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After a disappointing Indianapolis 500 qualifications weekend – one that saw Chip Ganassi Racing (CGR) not put at least one car in the Fast 12 for the first time since 2019 – the organization once against showed why it is one of the elite teams in the NTT INDYCAR SERIES year in and year out.

Ganassi was able to put two cars in the top five of Sunday's race, including one on the podium at the Indianapolis Motor Speedway. Delayed by four hours because of stormy weather, the 108th running of the 500 featured eight cautions and saw 11 cars get knocked out.  

Scott Dixon, despite starting just 21st, led 12 laps on his way to a third-place finish. He added to his record of laps led in the Indy 500 (677) and now holds the records for the most Indy 500s with at least one lap led (16).

Teammate Alex Palou, driving the No. 10 DHL Honda with American Legion branding, was 14th on the starting grid but managed to move up in the field and run in the top 10 – and then the top 5 – the majority of the race. He finished fifth and maintained the lead in the NTT INDYCAR SERIES points race. Palou now has three top-five finishes in five Indy 500 starts.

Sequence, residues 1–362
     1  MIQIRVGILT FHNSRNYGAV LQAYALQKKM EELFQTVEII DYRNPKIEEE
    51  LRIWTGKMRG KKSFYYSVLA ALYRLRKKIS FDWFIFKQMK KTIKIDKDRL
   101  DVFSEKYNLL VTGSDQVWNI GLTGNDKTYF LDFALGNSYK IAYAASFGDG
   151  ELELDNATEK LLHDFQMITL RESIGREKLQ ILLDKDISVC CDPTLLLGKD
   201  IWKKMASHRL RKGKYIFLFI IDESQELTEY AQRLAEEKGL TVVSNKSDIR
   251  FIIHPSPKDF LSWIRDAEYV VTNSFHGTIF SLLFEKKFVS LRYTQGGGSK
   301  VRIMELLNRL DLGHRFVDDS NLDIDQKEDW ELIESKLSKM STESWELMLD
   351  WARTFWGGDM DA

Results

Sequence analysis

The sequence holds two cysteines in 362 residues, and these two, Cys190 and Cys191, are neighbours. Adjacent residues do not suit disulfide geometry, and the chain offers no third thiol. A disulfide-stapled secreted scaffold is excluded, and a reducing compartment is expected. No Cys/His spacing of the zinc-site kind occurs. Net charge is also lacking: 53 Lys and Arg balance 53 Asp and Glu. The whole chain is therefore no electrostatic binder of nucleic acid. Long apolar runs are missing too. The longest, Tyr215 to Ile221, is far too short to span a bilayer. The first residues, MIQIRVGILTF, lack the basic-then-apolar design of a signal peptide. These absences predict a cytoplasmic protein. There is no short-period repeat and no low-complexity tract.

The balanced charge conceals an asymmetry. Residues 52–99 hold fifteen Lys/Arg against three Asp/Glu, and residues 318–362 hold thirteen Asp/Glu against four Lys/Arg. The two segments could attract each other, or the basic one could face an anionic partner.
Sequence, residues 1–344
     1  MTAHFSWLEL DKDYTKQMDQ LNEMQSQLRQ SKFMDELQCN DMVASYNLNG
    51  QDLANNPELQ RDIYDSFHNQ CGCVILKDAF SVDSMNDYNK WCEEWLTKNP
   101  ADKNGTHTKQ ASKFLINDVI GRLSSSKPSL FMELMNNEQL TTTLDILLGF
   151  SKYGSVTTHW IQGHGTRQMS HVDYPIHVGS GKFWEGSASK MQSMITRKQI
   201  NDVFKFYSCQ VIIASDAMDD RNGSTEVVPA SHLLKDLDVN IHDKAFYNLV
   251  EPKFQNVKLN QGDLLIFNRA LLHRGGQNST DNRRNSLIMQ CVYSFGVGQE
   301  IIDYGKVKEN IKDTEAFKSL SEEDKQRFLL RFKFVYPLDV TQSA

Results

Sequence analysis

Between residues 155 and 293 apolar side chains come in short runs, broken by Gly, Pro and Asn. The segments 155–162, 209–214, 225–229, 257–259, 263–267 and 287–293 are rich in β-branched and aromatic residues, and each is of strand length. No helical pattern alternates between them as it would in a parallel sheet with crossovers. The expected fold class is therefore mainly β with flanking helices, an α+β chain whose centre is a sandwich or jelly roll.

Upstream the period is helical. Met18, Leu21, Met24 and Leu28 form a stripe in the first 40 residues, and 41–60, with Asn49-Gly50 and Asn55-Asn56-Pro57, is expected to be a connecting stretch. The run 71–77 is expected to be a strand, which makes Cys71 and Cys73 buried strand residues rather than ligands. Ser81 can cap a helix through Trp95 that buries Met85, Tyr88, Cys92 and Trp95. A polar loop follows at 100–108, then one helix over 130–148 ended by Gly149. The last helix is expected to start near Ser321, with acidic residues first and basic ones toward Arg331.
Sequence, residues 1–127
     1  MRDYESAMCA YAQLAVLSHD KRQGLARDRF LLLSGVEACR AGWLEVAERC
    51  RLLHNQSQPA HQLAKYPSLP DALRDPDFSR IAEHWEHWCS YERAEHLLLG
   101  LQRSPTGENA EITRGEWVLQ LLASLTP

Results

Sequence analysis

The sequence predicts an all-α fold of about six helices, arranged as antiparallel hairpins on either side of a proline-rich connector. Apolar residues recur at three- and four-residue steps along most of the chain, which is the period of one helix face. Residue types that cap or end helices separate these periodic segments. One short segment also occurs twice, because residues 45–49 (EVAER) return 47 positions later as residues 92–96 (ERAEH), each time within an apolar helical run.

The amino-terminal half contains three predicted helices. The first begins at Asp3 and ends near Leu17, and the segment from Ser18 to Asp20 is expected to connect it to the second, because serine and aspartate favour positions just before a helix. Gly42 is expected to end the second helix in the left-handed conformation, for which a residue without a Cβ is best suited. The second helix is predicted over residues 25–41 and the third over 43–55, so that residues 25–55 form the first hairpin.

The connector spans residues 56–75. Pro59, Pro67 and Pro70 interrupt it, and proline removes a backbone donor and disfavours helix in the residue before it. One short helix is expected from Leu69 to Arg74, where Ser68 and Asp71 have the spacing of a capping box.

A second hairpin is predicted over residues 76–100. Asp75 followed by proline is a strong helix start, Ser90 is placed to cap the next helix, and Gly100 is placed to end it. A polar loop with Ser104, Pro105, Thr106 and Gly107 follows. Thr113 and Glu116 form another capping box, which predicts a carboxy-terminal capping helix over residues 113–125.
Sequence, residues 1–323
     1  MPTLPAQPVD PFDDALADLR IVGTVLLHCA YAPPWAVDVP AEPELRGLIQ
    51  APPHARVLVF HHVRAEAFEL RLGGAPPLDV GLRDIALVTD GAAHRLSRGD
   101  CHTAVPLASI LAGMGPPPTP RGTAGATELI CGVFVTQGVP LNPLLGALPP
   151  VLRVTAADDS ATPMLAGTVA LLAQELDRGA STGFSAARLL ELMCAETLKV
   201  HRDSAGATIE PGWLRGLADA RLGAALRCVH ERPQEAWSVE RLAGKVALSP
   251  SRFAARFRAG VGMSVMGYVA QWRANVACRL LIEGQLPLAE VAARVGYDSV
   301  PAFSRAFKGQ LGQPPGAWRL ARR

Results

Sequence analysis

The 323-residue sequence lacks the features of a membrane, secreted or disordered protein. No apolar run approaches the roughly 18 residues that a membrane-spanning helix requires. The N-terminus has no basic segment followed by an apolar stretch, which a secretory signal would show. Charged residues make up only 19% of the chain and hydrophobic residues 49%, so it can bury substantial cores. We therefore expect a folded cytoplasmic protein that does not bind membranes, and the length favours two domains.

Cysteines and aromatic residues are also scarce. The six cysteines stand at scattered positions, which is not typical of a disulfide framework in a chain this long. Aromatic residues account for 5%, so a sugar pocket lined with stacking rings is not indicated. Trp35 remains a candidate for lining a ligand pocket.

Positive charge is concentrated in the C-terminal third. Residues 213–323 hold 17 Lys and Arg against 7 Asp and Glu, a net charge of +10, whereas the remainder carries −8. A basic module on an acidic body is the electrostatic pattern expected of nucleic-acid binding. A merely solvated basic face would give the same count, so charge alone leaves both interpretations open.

"Yeah, a bit frustrating," Palou said. "I think we did a really good job on strategies, and we were there at the end, we just didn't really have that top speed we needed. I'm happier than where I started today, it was just a bit difficult to fight for the win. But still, I'm happy we made it to the top five."

CGR rookie Linus Lundqvist, driving the No. 8 American Legion Honda featuring the Be the One veteran suicide prevention program, started the race 27th and was maintaining that spot or just a few positions above before lap 28. But on that lap, he was part of a crowded, four-wide group in Turn 1 and lost control of the car, hitting the outside wall and then spinning across the track before ending up against the inside wall. It ended his day after 27 completed laps; he was one of six drivers already out at that time.

"I'm ok, and I'm not entirely sure what happened," Lundqvist said. "But it doesn't really matter. I feel so bad for the No. 8 American Legion Honda team. We've had a tough couple of weeks, and it sucks to end it this way. Going through this whole experience has been an absolute pleasure. I just wish I could have completed the race."